# Origin of the Displacement and Acceleration Equation

Here we will take a look at the derivation of the following kinematics equation: The above equation solves for the displacement of an object when it is undergoing a constant acceleration. You need to know the original velocity, vo, the constant acceleration, a, and the time period of the acceleration, t. These values are plugged into the equation, and the calculation yields the displacement.

We will use a bit of reasoning and algebra to understand where this equation comes from.

First, let's consider the following velocity vs. time graph which shows a constant acceleration: Since the slope of this graph is the acceleration, and since the slope of this graph is constant, the acceleration represented here is constant.

Also, remember that the area under this graph is the displacement, or change in position, of the object.

Now, let's consider a time period over which this acceleration occurs. We will concern ourselves with a time period from t1 to t2: At t1 we will say that the velocity is v1.

And at t2 we will say that the velocity is v2: Now, recall that the area under this graph is the displacement of the object. So the area under the graph from t1 to t2 represents the displacement of the object over the time period from t1 to t2.

Notice that this area is a trapezoid, here shaded blue: In general, the area of a trapezoid equals one-half times the sum of the bases times the height. This trapezoid, one might say, is "on its side" since the bases are vertical and the height is horizontal.

Here is an animated diagram of a generic trapezoid of this type. This diagram demonstrates how to find the area:  Now, back to our v vs. t graph.

Notice that Base 1 is v1, Base 2 is v2, and that the Height is the time period from t1 to t2. This is shown in the following animated diagram: We will call the time period from t1 to t2 to be simply t. That is:

t = t2 - t1

So, the height of the trapezoid is t, and the two bases are v1 and v2. Therefore, the area of the trapezoid is:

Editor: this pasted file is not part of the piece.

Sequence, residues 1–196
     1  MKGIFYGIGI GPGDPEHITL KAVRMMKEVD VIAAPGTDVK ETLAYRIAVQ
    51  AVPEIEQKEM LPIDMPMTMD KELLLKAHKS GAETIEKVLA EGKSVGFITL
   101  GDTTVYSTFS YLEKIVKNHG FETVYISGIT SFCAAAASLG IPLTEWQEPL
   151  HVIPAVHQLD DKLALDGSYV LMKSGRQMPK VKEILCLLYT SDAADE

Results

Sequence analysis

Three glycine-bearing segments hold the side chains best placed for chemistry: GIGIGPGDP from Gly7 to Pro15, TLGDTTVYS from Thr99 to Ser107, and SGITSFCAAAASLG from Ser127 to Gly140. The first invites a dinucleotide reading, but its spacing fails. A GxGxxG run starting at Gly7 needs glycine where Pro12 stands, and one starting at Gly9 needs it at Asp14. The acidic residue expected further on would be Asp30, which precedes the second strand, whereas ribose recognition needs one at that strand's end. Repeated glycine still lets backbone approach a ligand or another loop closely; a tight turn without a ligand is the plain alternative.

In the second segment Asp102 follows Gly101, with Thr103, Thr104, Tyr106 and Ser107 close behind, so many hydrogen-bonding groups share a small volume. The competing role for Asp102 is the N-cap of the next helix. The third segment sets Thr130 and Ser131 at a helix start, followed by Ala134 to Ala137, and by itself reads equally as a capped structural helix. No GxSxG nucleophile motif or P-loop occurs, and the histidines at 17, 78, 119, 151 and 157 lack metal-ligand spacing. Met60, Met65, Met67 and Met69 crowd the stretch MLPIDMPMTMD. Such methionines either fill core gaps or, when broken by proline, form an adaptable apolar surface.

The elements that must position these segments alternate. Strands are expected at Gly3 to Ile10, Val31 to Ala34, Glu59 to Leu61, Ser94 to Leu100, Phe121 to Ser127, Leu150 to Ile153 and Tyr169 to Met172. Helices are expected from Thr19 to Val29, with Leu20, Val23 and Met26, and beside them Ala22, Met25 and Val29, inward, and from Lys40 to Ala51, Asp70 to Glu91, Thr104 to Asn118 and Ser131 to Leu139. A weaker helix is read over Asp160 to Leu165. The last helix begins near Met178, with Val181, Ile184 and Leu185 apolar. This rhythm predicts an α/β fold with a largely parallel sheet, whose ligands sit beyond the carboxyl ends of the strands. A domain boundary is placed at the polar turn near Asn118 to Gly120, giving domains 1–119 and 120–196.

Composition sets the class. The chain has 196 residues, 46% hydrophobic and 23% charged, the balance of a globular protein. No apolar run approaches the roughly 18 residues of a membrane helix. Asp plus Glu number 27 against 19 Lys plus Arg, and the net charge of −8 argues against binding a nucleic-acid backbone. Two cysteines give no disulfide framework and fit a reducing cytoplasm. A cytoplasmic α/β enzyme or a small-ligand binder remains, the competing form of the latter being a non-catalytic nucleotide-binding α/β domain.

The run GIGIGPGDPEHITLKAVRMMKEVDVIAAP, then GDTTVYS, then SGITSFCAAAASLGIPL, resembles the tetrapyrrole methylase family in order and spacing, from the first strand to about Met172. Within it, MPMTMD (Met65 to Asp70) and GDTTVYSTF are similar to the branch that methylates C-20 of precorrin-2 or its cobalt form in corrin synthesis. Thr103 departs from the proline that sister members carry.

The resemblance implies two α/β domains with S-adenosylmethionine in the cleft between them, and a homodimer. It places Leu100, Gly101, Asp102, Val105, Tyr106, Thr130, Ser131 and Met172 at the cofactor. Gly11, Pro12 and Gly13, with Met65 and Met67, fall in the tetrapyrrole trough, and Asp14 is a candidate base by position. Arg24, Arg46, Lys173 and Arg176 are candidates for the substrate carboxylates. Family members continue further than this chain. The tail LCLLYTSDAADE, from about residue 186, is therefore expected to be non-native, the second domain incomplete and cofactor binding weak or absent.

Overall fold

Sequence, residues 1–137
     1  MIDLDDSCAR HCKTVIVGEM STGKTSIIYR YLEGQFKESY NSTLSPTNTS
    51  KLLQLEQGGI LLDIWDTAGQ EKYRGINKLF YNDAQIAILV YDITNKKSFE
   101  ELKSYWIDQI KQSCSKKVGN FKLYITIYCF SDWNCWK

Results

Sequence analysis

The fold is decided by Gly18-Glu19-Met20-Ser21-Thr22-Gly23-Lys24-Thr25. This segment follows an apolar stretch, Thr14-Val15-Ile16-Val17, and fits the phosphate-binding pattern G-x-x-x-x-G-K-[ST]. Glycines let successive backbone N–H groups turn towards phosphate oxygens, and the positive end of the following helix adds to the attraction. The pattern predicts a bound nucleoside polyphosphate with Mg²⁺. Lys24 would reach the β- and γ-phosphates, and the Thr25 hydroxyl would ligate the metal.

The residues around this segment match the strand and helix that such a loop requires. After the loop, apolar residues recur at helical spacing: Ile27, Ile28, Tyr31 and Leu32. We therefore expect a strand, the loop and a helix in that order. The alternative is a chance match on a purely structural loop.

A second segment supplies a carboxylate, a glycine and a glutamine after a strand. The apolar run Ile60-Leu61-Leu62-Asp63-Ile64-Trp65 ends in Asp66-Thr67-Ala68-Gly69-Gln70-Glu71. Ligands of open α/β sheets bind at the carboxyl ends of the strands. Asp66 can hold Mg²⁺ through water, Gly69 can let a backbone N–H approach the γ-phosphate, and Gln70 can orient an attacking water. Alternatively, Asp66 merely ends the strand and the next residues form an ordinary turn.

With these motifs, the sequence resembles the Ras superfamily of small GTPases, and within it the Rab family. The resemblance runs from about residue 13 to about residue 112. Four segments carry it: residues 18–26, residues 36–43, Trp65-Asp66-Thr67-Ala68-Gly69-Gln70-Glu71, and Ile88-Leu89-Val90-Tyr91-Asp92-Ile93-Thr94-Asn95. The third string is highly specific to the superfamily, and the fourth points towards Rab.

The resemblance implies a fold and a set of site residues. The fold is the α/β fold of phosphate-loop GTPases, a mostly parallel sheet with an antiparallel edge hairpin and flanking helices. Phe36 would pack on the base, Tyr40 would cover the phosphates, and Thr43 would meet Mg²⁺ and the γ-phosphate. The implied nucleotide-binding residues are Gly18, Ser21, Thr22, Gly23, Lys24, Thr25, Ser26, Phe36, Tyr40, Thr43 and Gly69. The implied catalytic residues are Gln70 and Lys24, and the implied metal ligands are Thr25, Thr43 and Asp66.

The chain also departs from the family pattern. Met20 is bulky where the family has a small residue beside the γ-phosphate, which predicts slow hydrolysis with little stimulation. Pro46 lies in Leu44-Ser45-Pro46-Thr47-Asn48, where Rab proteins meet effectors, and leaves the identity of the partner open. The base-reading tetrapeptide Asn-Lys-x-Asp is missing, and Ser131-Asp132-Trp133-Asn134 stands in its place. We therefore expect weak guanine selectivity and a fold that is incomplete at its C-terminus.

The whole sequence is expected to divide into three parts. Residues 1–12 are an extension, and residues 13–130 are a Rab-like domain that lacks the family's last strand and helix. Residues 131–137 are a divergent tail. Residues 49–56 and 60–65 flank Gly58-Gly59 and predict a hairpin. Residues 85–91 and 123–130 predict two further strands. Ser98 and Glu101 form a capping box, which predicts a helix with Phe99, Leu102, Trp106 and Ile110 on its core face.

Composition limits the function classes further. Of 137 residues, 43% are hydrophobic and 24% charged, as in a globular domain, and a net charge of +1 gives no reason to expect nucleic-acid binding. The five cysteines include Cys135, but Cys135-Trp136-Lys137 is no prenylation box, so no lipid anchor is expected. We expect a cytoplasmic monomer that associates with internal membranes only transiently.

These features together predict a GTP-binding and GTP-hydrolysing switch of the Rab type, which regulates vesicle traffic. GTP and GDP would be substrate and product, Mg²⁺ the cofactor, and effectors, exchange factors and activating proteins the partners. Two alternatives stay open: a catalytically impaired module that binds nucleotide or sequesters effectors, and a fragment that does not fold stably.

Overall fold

Area = (1/2)(v1 + v2) t

Now, we remember that the area of a v vs. t graph is the change in position, or the displacement, and that displacement is symbolized with d.

Therefore, this:

Area = (1/2)(v1 + v2) t

Becomes:

d = (1/2)(v1 + v2) t

Now, as far as the acceleration over the time period t is concerned, v1 is the velocity at the start of the acceleration. That is, v1 is the first or original velocity; so, the symbol v1 and the symbol vo mean the same thing; that is:

vo = v1

And v2 is the velocity at the end of the acceleration. That is, v2 is the final velocity, and the symbols v2 and vf mean the same thing:

vf = v2

So, this:

d = (1/2)(v1 + v2) t

Is the same as:

d = (1/2)(vo + vf) t

We will now use another kinematics equation, and substitute it into our displacement equation. This other equation is:

vf = vo + at

See where the above equation comes from.

For the substitution we will place the expression (vo + at) into the displacement equation where vf appears. So, this:

d = (1/2)(vo + vf) t

Becomes this:

d = (1/2)(vo + vo + at) t

The rest is algebra:

 d = (1/2)(vo + vo + at) t Start here. d = (1/2)(2vo + at) t Since 2vo = vo + vo. d = ((1/2)2vo + (1/2)at) t Distribute the (1/2). d = (vo + (1/2)at) t Since (1/2)2 = 1. d = (vot+ (1/2)at2) Distribute the t. d = vot+ (1/2)at2 Remove some parentheses, and we are done.

We have derived our displacement equation for constant acceleration: Custom Search